This could be the solution to the riddle of animal morphology that has bothered scientists for millennia (surveyed by D'A.W.Thompson in his 'On Growth and Form', 1942 and 1992).
A manuscript is in preparation.
3. THE SIZE DISTRIBUTION OF VERTEBRATE BRAINS
in relationship to the evolution of consciousness and intelligence.
Turning the attention from tiny isolated membrane vesicles in vitro to large brains of highly evolved species in vivo is a rather big jump that needs justification. The following arguments may help to understand the connection:
- membranes are a major and relatively constant component of brains from fish to mammals,
secondary only to proteins;
- inside the brain, the neurons, concentrated in the neocortex and responsible for the main brain
functions, are the principal contributors to the membrane content of the brain because they are per
cell uniquely equipped with thousands of extensions on a nanometer scale (dendrites and spines).
These form a complicated network interconnected by synapses all of which are without exception
enclosed in a membrane;
- there is growing support for the hypothesis that the neurons and their network of dendrites, probably
extended to the total neural system, actually behave as one coherent unit (see M.-W. Ho, 2008 for a
- that neural membranes are in fact the physical basis for this coherence is strongly supported by the
fact that their total surface area equipped with liquid crystalline properties, not unlike LCD screens,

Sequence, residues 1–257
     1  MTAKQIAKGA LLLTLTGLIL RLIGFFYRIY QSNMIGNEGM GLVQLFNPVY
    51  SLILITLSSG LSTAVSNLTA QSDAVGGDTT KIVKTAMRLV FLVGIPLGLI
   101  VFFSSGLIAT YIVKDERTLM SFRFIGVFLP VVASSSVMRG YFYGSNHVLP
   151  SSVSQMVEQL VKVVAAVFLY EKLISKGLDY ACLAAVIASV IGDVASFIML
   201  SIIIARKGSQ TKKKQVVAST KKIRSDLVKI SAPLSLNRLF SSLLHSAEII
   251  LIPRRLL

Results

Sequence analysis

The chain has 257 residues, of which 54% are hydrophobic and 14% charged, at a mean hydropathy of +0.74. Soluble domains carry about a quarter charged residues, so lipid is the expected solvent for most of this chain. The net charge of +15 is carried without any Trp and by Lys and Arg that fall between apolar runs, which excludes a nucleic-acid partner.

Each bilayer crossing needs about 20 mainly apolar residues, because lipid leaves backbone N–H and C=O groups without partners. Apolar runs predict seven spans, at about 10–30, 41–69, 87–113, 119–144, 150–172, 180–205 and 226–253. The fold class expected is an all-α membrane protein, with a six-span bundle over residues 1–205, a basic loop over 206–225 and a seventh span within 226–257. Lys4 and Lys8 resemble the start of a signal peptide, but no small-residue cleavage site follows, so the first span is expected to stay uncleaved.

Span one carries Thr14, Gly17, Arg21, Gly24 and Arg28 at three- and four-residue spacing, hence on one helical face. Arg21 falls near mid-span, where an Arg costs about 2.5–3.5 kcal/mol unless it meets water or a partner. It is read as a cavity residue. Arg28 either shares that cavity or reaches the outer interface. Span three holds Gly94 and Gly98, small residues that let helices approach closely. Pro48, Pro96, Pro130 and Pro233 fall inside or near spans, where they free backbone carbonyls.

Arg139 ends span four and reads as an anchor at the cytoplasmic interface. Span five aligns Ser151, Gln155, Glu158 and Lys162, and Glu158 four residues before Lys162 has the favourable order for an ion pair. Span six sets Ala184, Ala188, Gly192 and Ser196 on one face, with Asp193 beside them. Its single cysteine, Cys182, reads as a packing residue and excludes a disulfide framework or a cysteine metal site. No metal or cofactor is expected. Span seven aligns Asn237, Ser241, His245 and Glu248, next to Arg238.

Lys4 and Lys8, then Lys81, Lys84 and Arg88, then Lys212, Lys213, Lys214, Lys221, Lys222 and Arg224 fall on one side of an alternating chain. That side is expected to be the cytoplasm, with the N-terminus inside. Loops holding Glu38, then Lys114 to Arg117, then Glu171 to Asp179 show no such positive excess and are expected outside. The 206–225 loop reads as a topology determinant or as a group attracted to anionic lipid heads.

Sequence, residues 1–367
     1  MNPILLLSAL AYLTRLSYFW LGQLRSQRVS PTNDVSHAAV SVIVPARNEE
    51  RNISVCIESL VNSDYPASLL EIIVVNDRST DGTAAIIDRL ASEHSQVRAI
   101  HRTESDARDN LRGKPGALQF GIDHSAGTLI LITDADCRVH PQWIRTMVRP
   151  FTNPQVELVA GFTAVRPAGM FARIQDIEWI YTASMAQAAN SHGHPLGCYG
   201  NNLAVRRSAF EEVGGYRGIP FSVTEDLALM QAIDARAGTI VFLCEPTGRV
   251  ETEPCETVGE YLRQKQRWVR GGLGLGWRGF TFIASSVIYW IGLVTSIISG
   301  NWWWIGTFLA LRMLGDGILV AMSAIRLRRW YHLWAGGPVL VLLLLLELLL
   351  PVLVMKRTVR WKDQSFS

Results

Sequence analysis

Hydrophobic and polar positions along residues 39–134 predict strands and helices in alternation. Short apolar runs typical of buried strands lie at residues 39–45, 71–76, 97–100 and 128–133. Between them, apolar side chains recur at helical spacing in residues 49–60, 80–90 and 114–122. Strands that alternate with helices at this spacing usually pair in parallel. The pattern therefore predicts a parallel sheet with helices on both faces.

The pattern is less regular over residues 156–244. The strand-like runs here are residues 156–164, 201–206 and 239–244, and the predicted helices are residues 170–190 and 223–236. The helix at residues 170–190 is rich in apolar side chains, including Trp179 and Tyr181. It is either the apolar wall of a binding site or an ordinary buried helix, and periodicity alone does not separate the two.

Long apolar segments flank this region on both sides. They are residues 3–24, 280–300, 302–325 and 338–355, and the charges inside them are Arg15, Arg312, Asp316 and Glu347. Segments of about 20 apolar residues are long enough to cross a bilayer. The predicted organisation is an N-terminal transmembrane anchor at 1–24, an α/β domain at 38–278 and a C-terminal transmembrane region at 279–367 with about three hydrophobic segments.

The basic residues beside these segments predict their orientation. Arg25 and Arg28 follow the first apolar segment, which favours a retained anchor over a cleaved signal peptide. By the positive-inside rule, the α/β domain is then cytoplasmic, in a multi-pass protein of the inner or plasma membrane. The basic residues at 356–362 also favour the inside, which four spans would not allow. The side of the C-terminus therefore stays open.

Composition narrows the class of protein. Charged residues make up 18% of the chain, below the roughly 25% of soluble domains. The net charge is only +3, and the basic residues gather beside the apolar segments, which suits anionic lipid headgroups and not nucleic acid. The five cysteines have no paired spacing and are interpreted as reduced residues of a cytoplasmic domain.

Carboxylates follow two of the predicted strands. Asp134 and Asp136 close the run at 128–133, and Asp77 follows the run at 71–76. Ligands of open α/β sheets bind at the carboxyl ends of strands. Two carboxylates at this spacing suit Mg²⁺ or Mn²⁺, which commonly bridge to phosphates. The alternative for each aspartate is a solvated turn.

is really huge (for human brains this is estimated at an amazing 2.5 ha, see Bear et al., 2001);
- the discovery of the first fossil remains of an evolutionary intermediary between the level of the great
apes and man, Pithecanthropus (now Homo) erectus in 1894 by the Dutch anatomist Eugene
Dubois produced the saltatory 'cephalization theory'. The initial support, subsequent rejection and
the now recent discussions of this Dubois conjecture triggered our interest in the evolutionary p
perspective because of its potential as a manifestation of our membrane model.
This information resulted in the working hypothesis that brain weight is correlated directly with the total neural membrane area. Therefore this parameter can probably be quantized too provided the membrane property is conserved in gradations from very small to very large scales.
The hypothesis was tested by statistical analysis using reliable data collections mainly provided by the zoological research groups of H. Stephan (Max Planck Institute for Brain Research, Frankfurt a.M.) and R. Bauchot (Universite Paris VII-Denis Diderot). We analyzed data collections of small brained (< 5gr.) animals, Insectivores, Prosimians, Bats and Birds with affirmative results. While Fish and Reptiles did not show a significant correlation with the membrane fingerprint.
The available data for large brained groups, Primates, Ungulates, Carnivores and Whales and Dolphins all showed a positive correlation, although, as expected, with a lower value for the probability wave ratio. As an example, a diagram of the analysis for the Primates (in logarithmized form) is shown below:
From our combined analyses we concluded that the quantumlike behavior of membranes is evidently indeed conserved from very small units (square micrometers) to very large ones (hectares). A range of many orders of magnitude, parts of which can be traced back to within the body of every living individual. They reflect the unmistakable saltatorial evolution of membrane-based morphological features of life from its origin about 3.5 billion years BP to the present day.